Before planting crops through the plastic were the allotment has been overgrown you might have to wait a few months for the weeds under the plastic sheeting to die down.

If you are intending to grow crops through the sheeting its a good idea before the sheeting is laid to install a drip irrigation or leaky hose system under the sheeting which will make the task of watering much easier.

Ideally the plastic needs to be in place for a full 12 months or over the winter months to produce a fairly weed free and workable soil once the plastic is removed it’s not going to remove 100% of the weeds but the ones that remain will be controllable if you continue to work on soil and work the allotment.

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Renovating a lawn containing builders rubble

January 20th, 2017 · No Comments

If you buy a new house with a lawn full of builders rubble then you best bet is to start again as in the long run this will save a lot of time and money.

To start it’s often best to kill the existing lawn a few weeks before with round up weed killer applying it with a watering can on a dry day about 10 days before you start. The reason for this is that it will make the cultivation of the existing lawn a lot easier.

Next after about 10 days after the application of the weed killer you can start to dig over the existing lawn removing all the rubble ideally over 50 to 75 mm. If the soil is very hard often it a good idea to use a spade and mattock spade that’s similar to a pick axe with flattened ends.

At this stage if your soil is a wet heavy clay it’s a good idea as you dig it over work in one 25 kg of grit sand per 3 metre square area. This will help break up the soil ( if the builders merchant is not sure about the type of sand just tell them it’s the type of sand used for rendering)

With the area of the lawn worked over now it’s time to create a general level with a rake and walking over the area as you start to work the soil down.
At this stage you can decide if you need to import topsoil. If the soil still contains a lot of rubble or is hard to level and still lumpy it’s often better to import some screened soil and lay the additional topsoil over the area to a depth of 50mm to 75mm.

If you decide to use some imported soil this is best delivered with the turf as it should be reasonable dry and easy to work . If left in a pile for a week or so it might become unworkable if it rains.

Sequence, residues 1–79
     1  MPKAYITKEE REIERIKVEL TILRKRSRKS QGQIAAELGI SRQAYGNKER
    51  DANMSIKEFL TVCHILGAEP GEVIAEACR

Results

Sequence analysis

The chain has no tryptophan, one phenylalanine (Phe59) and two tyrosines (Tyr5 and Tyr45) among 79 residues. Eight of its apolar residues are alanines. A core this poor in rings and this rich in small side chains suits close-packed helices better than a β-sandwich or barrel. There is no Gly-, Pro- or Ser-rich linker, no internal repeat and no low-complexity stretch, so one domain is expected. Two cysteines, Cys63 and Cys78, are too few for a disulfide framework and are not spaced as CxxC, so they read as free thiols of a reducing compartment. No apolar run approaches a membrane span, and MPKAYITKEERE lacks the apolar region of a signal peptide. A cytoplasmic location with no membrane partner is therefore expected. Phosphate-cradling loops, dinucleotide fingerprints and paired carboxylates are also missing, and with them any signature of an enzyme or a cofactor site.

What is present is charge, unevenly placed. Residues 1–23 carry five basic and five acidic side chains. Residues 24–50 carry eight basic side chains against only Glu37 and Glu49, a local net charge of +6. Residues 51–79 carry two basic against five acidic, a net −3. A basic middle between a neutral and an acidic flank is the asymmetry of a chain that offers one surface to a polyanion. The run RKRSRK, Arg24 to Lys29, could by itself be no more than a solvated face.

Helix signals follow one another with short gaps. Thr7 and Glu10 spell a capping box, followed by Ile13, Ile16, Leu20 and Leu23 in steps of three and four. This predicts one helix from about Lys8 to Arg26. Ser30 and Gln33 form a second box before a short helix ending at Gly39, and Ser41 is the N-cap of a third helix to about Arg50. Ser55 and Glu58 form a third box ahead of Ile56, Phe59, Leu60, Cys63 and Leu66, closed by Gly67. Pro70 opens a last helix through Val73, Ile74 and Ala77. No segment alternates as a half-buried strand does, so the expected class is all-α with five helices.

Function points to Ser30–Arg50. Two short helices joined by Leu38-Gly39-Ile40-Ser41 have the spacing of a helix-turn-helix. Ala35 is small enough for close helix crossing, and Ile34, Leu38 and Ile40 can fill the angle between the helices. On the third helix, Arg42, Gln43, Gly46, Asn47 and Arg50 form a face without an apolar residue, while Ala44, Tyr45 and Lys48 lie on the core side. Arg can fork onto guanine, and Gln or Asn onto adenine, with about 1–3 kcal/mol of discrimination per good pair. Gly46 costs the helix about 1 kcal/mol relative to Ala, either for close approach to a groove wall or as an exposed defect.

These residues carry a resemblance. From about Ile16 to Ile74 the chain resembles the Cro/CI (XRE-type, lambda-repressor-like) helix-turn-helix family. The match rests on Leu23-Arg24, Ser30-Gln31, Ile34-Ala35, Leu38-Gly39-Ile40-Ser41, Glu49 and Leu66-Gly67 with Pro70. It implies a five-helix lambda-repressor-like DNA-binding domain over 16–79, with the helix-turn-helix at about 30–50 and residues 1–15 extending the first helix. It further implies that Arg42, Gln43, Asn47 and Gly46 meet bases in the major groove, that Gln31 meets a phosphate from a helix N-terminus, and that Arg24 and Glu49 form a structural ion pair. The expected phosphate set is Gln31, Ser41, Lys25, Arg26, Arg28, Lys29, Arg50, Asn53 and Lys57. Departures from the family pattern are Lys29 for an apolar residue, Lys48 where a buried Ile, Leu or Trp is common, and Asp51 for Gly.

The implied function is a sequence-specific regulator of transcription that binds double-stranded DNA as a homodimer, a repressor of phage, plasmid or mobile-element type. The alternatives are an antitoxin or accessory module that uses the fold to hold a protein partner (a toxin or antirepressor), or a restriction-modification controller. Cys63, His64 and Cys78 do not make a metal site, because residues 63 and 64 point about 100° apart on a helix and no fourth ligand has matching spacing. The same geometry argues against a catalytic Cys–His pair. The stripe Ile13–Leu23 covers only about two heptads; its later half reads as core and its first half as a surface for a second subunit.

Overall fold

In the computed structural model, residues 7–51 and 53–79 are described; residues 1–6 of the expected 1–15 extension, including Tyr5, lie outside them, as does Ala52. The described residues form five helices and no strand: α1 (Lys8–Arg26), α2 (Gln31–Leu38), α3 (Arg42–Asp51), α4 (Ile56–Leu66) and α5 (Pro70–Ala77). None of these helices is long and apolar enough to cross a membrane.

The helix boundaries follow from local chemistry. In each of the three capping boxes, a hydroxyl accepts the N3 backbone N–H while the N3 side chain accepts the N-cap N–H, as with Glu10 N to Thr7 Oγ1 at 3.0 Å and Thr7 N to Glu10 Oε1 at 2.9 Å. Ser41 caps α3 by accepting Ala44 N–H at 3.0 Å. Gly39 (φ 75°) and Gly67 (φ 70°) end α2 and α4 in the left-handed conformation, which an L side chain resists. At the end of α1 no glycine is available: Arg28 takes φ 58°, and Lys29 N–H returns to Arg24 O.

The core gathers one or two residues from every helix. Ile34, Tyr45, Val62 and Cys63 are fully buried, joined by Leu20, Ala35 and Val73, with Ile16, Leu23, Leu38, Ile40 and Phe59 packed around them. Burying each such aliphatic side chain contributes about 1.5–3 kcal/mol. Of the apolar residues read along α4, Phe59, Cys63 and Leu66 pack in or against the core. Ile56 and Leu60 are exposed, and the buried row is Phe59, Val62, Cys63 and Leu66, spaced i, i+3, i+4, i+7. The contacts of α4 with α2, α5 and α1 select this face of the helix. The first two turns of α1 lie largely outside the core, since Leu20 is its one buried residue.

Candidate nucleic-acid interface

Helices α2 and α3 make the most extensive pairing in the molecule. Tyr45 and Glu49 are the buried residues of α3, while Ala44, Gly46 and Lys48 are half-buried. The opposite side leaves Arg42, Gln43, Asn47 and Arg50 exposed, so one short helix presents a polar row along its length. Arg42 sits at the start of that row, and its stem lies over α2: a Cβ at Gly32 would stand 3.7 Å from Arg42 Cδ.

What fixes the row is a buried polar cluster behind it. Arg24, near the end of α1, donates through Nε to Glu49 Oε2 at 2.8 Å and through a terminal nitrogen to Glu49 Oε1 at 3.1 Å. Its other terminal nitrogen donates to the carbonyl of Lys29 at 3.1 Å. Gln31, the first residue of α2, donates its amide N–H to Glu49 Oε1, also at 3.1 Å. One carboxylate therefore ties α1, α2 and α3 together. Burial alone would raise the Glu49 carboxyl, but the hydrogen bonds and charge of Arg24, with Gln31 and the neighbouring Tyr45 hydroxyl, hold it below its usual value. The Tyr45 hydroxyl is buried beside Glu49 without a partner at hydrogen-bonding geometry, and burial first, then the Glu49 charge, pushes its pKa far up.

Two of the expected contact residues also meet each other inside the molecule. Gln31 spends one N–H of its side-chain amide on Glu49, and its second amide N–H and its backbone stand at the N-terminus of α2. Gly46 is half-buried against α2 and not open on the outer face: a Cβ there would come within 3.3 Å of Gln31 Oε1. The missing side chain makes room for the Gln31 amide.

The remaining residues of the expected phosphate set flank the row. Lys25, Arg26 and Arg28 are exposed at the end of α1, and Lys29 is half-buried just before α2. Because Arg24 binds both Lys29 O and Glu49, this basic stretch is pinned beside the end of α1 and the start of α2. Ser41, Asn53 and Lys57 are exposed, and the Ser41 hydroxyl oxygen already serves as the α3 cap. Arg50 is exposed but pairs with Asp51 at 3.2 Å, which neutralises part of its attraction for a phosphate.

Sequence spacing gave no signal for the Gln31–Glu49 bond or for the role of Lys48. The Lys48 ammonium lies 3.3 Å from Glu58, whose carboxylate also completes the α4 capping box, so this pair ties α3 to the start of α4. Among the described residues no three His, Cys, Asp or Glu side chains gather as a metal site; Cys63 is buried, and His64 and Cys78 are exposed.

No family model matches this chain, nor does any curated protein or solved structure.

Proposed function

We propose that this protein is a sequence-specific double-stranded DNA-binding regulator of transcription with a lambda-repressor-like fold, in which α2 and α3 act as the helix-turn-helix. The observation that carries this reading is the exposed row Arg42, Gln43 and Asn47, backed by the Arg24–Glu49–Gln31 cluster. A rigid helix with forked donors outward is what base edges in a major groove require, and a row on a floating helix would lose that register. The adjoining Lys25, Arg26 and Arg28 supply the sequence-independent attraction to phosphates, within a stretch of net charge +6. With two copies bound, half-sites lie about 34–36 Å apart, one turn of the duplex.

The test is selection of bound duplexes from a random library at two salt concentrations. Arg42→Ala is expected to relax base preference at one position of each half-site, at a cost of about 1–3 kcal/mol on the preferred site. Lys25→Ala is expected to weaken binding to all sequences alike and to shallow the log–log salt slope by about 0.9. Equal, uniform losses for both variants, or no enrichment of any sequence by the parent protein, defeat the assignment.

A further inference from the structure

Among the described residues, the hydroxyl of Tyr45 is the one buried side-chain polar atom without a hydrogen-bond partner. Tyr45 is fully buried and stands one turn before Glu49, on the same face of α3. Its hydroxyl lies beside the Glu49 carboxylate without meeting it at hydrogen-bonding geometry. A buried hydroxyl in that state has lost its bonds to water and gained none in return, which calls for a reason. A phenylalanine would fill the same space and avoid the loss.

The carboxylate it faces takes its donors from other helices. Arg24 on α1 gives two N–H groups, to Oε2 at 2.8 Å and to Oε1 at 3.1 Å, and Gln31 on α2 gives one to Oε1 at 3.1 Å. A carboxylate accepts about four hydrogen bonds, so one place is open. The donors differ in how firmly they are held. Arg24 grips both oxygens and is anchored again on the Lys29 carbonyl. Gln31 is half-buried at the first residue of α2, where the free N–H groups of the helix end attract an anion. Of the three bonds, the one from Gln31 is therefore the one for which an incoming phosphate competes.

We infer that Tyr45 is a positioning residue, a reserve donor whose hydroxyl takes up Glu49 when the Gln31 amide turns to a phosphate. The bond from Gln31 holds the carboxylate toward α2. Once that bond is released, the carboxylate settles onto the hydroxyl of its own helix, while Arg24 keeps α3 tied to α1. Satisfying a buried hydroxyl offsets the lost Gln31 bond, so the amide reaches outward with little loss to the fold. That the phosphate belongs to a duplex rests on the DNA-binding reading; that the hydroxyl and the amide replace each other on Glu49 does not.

If you decide to seed the area it’s best to spread and level the imported topsoil and leave if for a few weeks before you sow the grass seed to allow any weed seeds to germinate first do they can be removed before you sow the grass seed.

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Ceanothus Damaged By Frost.

January 15th, 2017 · No Comments

We have noticed and indeed have had loads of questions this year about ceanothus being damaged by the frost and the bad weather. Our advice is to wait for a time to see if they re-shoots from the lower branches and then cut back to these green shoots.The shoot might take up until the end of May to start to come through.To check the plant is not died lightly scratch the lower stems and see if you can see some green colour just under the branches surface,this will indicate that the plant is still alive and more than likely recover.

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Plants Damaged By Frost.

January 15th, 2017 · No Comments

With this winter being on of the hardest of recent years now at the start of April its a good time to give your plants a helping hand.Many of the softer plants have been damaged such as ceanothus and fatsia japonica together with the slightly more exotic plants such as the bottle brush shrub.
In most cases its worth removing damaged growing tips by simply removing them, this should encourage new shoots to grow later in the spring.In the case of plants that look to be dead its worth waiting a few weeks to see is they shoot from the bare stems.A good example of this is ceanothus which in hard weather often gets its leaves burned by frost and snow,then later in the year new shoots start to grow on the older bare stems.At this point you can prune back the dead and damaged wood and the plant over a couple of seasons regrows.

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Mimosa Damaged By Frost.

January 10th, 2017 · No Comments

Mimosa damaged by frost. It may possibly resprout from live wood so I would be inclined to wait before doing anything drastic.A way of telling whether there is still green wood is to use your finger nail to scrape away some of the bark.If it is still green underneath then you are in with a good chance of it surviving.It may be that it has not been killed right down to its roots so may well regrow from the base.My advice is wait and see and don’t do anything with it until high summer.

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Winder Damage To Olive Plants.

January 10th, 2017 · No Comments

Olive plants although quite hardy are often damaged by winter winds and frosts which burn the leaves.This can be avoided by placing a horticultural fleece over the olive plants on the coldest days and nights or bring them inside if they are in containers.If your plants have been damaged they should recover in the spring and to aid the recover you should feed them with a high nitrogen plant food and remove the very badly damaged leaves.

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Frost Damage On Pyracantha.

January 5th, 2017 · No Comments

Frost damage on Pyracantha – This will happen only in the hardest of winters or in a very exposed position.Normally resulting in leaf burn and leaf drop in the early spring.If the stems are still alive, you can tell this by lightly scratching a stem to see if its pith is still green underneath it should recover.However it might take until the start of June before the new shoots appear.
As always with any weather damaged plant a course of liquid feeding in the spring helps in the plants recovery.

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Winter Damage To Bottle Bush.

January 5th, 2017 · No Comments